Article: A new species of stem-group chordate from the Upper Ordovician of Northern Ireland
Anthony P. Cripps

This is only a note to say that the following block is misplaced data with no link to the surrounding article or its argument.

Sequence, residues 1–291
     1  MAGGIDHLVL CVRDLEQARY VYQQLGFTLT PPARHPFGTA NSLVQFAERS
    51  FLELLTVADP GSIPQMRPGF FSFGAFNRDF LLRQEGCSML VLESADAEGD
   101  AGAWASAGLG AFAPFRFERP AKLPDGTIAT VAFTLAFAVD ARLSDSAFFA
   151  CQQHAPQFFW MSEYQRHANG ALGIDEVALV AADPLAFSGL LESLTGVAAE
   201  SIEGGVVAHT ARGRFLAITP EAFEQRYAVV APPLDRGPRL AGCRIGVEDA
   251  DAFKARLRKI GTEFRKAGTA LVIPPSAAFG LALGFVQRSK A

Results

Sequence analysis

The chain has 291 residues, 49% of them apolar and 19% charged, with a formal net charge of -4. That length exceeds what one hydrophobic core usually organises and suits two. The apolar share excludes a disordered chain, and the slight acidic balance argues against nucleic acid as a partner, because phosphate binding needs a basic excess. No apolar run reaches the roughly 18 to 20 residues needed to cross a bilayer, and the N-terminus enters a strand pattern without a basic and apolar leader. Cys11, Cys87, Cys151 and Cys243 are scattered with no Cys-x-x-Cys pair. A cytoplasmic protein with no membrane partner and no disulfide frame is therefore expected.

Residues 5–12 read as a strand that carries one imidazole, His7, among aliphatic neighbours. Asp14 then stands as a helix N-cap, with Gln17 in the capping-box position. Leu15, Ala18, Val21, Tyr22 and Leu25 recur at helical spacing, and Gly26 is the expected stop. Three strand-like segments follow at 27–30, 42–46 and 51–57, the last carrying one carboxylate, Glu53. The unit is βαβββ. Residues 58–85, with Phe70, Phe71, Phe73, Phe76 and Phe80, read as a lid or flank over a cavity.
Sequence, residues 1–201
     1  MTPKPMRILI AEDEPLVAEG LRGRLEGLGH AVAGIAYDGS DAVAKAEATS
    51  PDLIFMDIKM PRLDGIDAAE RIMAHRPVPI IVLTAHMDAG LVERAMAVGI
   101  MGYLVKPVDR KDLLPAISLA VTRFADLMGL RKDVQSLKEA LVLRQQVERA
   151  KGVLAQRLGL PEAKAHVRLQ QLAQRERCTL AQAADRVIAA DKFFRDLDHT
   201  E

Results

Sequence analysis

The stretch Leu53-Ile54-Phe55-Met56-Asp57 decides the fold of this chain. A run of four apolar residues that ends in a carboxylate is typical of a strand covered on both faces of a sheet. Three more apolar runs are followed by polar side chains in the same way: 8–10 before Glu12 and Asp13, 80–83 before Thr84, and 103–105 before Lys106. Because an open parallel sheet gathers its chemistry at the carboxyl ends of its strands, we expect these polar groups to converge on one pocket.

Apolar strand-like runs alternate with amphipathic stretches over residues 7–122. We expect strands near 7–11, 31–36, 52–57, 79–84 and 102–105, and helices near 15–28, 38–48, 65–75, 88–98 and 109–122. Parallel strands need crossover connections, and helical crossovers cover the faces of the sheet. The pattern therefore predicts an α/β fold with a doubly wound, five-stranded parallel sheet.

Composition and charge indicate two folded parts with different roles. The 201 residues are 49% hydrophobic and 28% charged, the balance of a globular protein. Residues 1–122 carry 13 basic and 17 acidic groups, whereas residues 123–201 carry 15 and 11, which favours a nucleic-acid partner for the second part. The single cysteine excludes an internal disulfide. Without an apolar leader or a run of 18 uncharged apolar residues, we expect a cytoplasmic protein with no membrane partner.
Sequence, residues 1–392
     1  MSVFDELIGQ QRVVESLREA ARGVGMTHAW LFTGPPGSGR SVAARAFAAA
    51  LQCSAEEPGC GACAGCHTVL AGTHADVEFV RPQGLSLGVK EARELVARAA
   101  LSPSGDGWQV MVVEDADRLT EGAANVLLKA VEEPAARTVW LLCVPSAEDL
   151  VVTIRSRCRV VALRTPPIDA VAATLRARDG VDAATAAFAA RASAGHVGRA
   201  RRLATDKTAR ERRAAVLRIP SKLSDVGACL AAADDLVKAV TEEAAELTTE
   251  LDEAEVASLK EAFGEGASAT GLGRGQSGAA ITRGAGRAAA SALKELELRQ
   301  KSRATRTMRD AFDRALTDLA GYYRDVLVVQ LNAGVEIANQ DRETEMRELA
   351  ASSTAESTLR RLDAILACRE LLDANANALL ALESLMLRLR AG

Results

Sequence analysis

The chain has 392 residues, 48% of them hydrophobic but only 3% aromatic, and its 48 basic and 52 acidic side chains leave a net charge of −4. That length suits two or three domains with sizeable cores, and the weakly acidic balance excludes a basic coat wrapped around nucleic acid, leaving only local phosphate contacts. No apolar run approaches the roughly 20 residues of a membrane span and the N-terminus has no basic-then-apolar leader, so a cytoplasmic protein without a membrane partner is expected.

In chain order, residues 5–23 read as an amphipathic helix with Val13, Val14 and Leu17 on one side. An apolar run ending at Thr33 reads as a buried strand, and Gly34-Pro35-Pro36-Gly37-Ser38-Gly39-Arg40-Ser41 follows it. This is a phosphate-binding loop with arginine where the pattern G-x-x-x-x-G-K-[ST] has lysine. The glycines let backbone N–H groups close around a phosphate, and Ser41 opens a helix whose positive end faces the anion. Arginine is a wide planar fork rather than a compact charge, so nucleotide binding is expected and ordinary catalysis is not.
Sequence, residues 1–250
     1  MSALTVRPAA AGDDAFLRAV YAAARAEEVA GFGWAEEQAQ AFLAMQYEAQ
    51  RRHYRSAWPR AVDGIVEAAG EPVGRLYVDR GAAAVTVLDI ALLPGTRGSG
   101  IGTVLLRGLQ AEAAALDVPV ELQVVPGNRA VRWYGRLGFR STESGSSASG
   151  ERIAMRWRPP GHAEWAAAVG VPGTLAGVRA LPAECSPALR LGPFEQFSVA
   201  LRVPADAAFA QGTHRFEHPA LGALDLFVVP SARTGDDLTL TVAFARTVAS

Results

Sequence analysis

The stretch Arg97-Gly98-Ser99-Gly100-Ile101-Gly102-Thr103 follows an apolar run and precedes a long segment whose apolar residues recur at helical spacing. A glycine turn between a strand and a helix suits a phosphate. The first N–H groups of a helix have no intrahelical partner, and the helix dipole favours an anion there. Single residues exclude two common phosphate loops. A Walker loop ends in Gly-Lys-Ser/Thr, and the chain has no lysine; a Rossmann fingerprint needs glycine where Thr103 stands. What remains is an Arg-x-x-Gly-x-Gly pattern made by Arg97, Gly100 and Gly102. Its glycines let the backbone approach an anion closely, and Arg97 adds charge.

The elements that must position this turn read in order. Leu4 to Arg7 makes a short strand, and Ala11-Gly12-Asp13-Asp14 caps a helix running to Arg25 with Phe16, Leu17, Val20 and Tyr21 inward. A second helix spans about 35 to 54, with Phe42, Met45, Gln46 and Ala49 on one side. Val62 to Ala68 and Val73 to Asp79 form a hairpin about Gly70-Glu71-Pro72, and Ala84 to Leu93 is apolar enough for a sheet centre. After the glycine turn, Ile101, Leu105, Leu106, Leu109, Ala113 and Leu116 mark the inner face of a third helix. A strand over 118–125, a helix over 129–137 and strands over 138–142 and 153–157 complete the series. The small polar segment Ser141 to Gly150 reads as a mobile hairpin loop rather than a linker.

A new scotiaecystid, Scotiaecystis collapsa sp. nov. is described from the Killey Bridge Beds, lower Cautleyan Stage, Ashgill Series, near Pomeroy, Co. Tyrone, Northern Ireland. It is most closely related to S. curvata Bather. The interrelations of cornutes are studied through a cladistic analysis using PAUP (Phylogenetic Analysis Using Parsimony) involving twenty-one species and thirty-nine characters. Three equally parsimonious trees are obtained and their information content summarized in the form of a consensus tree. By the addition of the mitrates (primitive crown-group chordates) this consensus tree is resolved. As in previous studies, the genus Cothurnocystis forms an uncharacterizable group with some species more crownward than others. The genus Thoralicystis is also paraphyletic. The Scotiaecystidae are an extinct monophyletic group more crownward than C. elizae Bather and less crownward than the Phyllocystidae, Amygdalotheca, and Reticulocarpos. The scotiaecystids exhibit a departure from a primitively deposit-feeding mode of life towards suspension feeding. The hind tail of S. collapsa is unusual for it is not truncated at the end as is often the case in other cornutes and is flexible in both the horizontal and vertical planes. The family Phyllocystidae is redefined to contain Phyllocystis and Chauvelicystis, and the family Cothurnocystidae redefined to include only Cothurnocystis elizae Bather, C. courtessolei Ubaghs, and C. primaeva Thoral.